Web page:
For me, it depends on the phone's successor especially when it comes to the camera. If it's worse than its predecessor, I wouldn't change it. My case in point: iPhone XS. I'm thinking of changing to the 11 Pro, but I am seriously not impressed with the 11 Pro's overall photo quality. That is why I'm keeping the XS.
After pushing fast charge most people ARE FORCED to change phone more often because battery after 1-2 years of using fast charge can barely keep 15-20h of moderate usage during the day.
Its nice and dandy to fast charge your phone but killing it in the process is tad stupid...
I had flagships, and it only lasts around 1 year. I had mid-tiers, and it only lasts around 1 year too. Most phones I buy already consider the bang for the value and made my mind to only buy mid-tiers since it's better for me financially
It depends on savings. Some are rich they can change their phone anytime, Some are in middle class whose can afford to buy new phome depending on their savings amd last some are just wondering a new phone because they can't really afford to buy a new one for prioritizing the necessity goods.
geek-a-contra, 05 Jul 2020i work in r&d (optoelectronics + data processing, pretty much similar to smartphones indus... moreMaybe because of grown up people.
normally Younger ones and teens are more interested to change their phones every year. people who are already in a professional life rarely has time to do geeky stuff. cycle of life. :)
geek-a-contra, 05 Jul 2020i work in r&d (optoelectronics + data processing, pretty much similar to smartphones indus... moreBecause when you are working in this kind of work you understand that there is not much change per year. If you buy (lets say last year) an S10 or an iPhone Xs then there is no need to "upgrade" to S20 or 11 Pro. Most of us know that after 3-4 years there are major changes on phones. For me there is no point to sell my S10e and buy an S20 for 0.002sec faster response and better camera.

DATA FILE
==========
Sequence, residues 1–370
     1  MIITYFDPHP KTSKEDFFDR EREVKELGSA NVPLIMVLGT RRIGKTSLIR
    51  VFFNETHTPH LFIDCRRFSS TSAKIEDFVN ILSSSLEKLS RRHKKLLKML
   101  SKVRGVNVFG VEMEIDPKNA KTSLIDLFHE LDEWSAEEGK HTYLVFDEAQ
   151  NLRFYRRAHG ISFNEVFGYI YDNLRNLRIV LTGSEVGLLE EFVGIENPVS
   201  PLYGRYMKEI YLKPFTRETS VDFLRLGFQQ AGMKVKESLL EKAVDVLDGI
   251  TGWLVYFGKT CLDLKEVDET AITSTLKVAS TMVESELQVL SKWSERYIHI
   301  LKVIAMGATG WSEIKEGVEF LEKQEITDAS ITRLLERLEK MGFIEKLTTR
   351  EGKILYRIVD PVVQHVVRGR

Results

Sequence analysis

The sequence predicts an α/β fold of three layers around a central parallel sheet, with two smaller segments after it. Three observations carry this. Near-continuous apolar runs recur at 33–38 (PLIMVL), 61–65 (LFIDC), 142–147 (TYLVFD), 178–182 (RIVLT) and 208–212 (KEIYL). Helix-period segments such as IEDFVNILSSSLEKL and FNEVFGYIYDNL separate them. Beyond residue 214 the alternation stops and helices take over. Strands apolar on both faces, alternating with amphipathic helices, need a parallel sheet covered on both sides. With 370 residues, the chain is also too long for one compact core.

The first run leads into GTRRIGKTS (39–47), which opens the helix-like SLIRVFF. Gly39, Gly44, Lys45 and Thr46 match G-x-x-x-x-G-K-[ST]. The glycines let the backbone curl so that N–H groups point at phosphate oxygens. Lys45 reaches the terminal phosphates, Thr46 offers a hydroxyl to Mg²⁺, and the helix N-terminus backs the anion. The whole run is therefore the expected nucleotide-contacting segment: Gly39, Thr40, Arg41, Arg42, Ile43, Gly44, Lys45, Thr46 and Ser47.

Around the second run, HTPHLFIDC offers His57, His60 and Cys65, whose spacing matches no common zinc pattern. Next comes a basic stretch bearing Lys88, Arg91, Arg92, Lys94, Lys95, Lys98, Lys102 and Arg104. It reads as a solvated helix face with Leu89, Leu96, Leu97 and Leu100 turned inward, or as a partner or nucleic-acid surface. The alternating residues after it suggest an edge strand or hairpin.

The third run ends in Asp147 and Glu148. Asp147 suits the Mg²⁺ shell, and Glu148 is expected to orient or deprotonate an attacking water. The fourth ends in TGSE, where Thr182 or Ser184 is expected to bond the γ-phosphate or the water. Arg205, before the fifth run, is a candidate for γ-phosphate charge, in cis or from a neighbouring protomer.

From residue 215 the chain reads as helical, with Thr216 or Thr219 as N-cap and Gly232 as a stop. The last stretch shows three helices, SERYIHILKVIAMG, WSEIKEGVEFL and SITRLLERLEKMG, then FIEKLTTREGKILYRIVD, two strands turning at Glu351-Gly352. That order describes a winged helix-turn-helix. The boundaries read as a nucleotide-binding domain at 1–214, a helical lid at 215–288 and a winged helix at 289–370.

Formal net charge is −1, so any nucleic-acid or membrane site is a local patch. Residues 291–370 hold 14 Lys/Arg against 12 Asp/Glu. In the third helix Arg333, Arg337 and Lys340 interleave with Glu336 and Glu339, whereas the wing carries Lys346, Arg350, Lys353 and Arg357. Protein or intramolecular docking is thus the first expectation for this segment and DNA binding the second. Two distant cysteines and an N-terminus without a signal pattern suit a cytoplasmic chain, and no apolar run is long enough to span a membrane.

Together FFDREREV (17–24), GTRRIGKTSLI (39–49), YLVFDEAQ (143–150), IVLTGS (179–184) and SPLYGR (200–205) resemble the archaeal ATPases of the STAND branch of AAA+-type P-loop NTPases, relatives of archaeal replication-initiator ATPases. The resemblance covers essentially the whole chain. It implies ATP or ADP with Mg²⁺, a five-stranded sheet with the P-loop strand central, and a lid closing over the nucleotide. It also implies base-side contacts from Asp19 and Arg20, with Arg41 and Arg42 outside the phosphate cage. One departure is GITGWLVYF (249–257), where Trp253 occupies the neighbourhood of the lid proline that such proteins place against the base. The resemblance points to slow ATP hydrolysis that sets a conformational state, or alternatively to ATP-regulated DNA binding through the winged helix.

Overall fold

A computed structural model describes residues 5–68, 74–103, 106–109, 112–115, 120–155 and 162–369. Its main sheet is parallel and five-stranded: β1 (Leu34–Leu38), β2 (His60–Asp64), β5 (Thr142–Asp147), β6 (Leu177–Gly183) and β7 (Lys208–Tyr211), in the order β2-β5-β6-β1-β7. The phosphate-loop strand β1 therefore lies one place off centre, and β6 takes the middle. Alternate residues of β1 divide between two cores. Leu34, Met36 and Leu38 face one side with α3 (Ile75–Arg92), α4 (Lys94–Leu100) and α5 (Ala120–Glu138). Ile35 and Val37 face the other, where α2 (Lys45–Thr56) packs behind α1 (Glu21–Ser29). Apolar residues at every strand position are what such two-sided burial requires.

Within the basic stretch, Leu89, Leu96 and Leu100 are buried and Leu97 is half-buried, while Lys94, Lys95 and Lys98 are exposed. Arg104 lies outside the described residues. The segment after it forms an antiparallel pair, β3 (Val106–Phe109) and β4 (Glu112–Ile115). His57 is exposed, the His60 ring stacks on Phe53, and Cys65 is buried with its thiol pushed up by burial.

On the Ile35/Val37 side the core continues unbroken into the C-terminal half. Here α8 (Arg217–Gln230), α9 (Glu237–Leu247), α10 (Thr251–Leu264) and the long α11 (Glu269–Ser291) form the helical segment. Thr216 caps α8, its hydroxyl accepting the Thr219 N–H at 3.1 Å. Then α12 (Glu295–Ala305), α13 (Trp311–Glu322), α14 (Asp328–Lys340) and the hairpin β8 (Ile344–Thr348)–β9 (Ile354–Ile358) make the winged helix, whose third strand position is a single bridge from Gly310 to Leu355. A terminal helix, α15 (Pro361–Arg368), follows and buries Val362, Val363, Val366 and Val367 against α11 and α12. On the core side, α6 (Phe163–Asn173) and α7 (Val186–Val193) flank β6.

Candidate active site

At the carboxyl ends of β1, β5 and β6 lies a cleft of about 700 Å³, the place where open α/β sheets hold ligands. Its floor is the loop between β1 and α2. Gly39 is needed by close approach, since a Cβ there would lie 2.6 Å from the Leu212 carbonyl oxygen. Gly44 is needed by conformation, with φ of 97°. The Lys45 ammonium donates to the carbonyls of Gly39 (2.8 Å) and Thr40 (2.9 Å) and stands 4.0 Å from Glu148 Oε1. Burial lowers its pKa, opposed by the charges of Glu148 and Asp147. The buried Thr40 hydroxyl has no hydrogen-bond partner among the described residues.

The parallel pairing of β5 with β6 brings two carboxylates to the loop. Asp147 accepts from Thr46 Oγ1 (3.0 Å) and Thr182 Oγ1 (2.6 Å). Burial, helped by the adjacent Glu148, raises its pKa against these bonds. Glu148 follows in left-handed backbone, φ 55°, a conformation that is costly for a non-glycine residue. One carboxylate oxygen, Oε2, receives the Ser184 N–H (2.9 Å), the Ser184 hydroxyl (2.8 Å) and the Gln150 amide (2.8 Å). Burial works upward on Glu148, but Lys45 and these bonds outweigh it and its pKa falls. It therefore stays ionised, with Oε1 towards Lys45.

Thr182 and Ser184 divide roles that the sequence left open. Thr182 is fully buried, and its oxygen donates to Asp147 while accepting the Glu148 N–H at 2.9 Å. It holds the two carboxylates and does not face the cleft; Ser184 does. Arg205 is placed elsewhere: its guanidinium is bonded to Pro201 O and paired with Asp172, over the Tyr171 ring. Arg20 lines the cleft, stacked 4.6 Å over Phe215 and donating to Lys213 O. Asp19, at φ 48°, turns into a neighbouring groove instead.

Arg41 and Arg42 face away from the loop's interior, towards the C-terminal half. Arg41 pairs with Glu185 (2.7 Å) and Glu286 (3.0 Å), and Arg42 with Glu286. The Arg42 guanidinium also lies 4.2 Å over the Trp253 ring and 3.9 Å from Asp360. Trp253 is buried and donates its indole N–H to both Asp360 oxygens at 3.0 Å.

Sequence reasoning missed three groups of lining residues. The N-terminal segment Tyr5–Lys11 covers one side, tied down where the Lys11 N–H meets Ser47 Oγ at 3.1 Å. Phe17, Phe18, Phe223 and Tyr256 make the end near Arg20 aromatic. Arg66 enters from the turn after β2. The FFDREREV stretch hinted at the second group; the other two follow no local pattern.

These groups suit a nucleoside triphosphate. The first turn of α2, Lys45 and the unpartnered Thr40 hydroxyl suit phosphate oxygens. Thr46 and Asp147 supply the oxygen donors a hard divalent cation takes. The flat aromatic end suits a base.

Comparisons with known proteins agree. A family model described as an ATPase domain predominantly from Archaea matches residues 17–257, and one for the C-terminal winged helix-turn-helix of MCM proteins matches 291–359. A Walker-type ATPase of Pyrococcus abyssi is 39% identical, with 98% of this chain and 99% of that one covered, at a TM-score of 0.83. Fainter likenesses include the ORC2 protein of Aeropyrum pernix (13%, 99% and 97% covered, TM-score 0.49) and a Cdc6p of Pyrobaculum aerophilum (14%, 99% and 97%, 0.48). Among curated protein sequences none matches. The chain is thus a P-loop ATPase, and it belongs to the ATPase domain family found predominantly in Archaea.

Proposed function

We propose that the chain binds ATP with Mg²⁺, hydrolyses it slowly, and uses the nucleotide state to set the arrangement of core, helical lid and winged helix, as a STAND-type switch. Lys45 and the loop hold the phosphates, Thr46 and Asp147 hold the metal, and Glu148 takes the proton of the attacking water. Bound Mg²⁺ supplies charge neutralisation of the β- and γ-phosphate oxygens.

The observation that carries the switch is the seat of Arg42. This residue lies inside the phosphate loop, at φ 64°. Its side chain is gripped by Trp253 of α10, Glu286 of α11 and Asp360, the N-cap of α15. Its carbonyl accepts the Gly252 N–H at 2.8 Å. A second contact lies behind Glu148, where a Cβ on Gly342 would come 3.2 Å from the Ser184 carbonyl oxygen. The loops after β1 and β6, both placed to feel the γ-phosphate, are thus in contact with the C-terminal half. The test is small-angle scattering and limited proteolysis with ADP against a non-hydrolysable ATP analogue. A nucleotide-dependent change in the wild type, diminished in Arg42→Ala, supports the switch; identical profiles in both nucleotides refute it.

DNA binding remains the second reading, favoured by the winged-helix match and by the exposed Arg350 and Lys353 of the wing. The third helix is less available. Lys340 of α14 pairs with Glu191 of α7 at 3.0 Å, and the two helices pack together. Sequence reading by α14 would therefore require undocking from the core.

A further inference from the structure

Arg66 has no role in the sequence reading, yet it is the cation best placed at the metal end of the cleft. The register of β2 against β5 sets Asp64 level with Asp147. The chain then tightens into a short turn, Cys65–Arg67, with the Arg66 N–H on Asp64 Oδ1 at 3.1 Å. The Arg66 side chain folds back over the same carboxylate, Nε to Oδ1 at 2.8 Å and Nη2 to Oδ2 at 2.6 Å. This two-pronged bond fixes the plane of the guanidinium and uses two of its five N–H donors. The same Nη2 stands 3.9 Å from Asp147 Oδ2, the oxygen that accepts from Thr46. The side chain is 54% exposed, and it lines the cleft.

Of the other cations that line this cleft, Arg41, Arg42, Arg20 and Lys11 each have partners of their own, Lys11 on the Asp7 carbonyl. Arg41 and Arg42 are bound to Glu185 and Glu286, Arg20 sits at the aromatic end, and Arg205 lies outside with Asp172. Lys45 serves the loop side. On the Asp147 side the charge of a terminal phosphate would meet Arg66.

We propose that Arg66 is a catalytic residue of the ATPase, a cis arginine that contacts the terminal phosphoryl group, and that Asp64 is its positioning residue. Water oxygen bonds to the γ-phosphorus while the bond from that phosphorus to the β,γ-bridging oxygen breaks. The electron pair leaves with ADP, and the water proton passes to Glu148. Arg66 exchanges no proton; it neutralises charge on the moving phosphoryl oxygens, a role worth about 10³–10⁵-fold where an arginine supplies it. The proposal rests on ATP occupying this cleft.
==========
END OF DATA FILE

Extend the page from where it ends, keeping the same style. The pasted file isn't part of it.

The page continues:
vrvly, 05 Jul 2020Basically even paying 300€ every half year will get you better phone while you can sell old fo... moreso 150 euros every 6 months so thats 300 euros per year so thats 900 euros per 3 years. And you still buying a mid range phone. Why not buy a flagship at 700-900 euros and keep it for 3-5 years?
Dunnowhatuntouse, 05 Jul 2020laptops can get to 5000 USD, how do you even make this comparison??? Usual price for laptop is 500€. From that come my comparison.
Like your car, laptop, television, I see no reason why phones cannot last 4 years or more. Even without OS and security updates. If they haven't been through any physical damage, at the most they will need a battery replacement after the 2nd or 3rd year. Early smartphones had some element of planned obsolescence. For instance, my first smartphone was something I kept with me for 3 years. And the only reason I had to change was because it ran out of 16gb storage. But it still runs as a spare phone with its SD 400 SoC.
My current phone with SD 435 has been ticking along fine and will be 3 in a couple of months. I needed to replace its battery a year ago. But with 64gb and an SD card slot, I don't see myself changing it unless it's damaged or something simply conks off. In fact, the black aluminium back now has a weathered, distinguished look.
Moreover, I don't think compact, light phones are ever going to get made again. At this point, I am tempted to buy an S10e and keep it with me for the day my current compact flat lines. as the S10e might soon go out of stock. I shudder for the day I have to wield a 6.7-inch shovel weighing a good quarter of a kilo.
Basically even paying 300€ every half year will get you better phone while you can sell old for at least half. So it's 150€ in the end, but new features as soon as they are out.